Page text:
This summer I am teaching the next generation of wood-lovers, wood hobbyists, and perhaps even one or two future cabinet-maker/wood-artists. I preach the gospel of Woodworking in an amazing setting: the wood-shop of the Belmont Hill School in Belmont MA. The school’s summer program attracts kids and teenagers from around the Boston area. Each day I hang my bike on the front rack of bus # 78, and take the ride up the green hill onto the lush campus of Belmont Hill School.
The group I teach is diverse: kids and teenagers, boys and girls. It's a fantastic class of students who are fun to work with. The youngest student in my class is only eleven, the oldest seventeen. But age does not always correlate to better or more accurate saw cuts, chisel handling, innovative thinking or motivation to start and finish the job on time. It is fascinating to see how some kids, who hold a saw or a chisel for the first time, will produce a perfect kerf a minute later. Others will devise clever ways to move their hands in the right way to achieve a successful cut, incorporating sawing-guides and other aids. They love planning and chiseling and gouge-work.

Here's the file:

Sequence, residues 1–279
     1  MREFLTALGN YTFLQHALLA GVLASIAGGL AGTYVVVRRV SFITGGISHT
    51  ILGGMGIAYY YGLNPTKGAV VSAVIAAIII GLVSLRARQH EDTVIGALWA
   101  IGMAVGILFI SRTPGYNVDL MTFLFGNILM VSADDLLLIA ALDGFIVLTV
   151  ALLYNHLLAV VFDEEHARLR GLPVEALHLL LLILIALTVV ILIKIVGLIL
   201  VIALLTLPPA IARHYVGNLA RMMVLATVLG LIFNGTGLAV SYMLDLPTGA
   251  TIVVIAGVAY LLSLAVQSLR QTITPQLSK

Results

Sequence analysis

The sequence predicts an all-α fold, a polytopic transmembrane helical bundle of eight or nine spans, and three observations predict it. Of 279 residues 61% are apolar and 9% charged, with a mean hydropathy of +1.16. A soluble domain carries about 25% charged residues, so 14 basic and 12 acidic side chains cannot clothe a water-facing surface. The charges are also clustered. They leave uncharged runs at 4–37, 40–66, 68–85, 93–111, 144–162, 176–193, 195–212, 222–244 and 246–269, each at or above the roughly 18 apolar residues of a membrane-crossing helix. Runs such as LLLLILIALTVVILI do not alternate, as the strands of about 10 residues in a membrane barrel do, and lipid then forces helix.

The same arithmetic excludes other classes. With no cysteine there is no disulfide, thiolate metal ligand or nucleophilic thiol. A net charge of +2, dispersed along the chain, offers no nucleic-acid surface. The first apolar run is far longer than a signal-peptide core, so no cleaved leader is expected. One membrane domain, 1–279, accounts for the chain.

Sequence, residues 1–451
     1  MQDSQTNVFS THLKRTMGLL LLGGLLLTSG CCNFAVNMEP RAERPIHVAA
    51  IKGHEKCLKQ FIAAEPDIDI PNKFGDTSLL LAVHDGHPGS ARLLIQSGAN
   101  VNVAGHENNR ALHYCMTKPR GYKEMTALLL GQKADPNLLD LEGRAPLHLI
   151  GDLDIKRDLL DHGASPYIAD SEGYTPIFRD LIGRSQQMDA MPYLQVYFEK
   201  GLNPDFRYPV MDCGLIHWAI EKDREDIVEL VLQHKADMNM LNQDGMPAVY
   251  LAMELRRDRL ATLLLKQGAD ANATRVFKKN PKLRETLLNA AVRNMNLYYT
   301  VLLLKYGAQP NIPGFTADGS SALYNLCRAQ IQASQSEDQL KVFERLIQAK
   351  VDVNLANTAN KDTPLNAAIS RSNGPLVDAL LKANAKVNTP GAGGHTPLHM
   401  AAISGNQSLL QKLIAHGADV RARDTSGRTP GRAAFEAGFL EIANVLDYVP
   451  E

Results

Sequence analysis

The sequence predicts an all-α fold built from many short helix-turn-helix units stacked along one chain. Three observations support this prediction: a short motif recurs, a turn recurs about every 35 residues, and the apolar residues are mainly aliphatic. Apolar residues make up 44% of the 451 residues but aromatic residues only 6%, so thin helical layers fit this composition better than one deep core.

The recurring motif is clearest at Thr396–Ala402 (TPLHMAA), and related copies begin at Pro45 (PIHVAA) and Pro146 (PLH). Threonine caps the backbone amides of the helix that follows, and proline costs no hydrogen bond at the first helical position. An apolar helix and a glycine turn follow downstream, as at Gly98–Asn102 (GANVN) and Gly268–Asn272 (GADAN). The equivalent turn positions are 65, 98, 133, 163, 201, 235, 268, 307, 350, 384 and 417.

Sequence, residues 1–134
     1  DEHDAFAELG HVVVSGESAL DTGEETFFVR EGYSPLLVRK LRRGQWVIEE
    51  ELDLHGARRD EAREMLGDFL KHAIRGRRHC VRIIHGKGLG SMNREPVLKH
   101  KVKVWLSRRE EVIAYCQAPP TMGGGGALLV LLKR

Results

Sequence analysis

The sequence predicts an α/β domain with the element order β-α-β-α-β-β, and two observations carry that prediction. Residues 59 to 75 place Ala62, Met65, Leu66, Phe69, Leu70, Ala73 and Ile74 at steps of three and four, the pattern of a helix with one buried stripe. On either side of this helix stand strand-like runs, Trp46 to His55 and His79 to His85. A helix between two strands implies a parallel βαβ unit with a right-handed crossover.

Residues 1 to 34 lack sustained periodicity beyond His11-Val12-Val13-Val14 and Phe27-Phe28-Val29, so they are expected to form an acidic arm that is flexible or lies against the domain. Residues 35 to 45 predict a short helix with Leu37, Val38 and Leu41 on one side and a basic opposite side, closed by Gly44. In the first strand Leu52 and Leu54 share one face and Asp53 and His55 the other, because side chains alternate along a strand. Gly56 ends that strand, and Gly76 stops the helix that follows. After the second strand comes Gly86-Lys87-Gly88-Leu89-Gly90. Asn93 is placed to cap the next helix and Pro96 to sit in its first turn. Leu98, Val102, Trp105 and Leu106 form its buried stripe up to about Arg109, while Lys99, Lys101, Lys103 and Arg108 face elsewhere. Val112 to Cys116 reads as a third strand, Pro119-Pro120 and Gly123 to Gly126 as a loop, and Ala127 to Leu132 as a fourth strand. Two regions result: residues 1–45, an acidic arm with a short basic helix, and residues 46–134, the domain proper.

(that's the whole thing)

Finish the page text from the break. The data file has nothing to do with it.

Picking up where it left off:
I believe that all of them gain valuable experience: hand–mind skills and impulse control. Most importantly they realize that in some fields of life you just have to plan ahead and execute a project carefully, “you know, we don’t have an ‘undo’ button in woodworking”, I tell them. They manage to finish a project or two over the three weeks of the class, and they all do a good job and feel satisfied with their accomplishments.
Amanda is one of my students. She is only twelve years old but already a master carver, woodworker and clock maker.
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Last year she built a wall clock, this year it's London's Big Ben.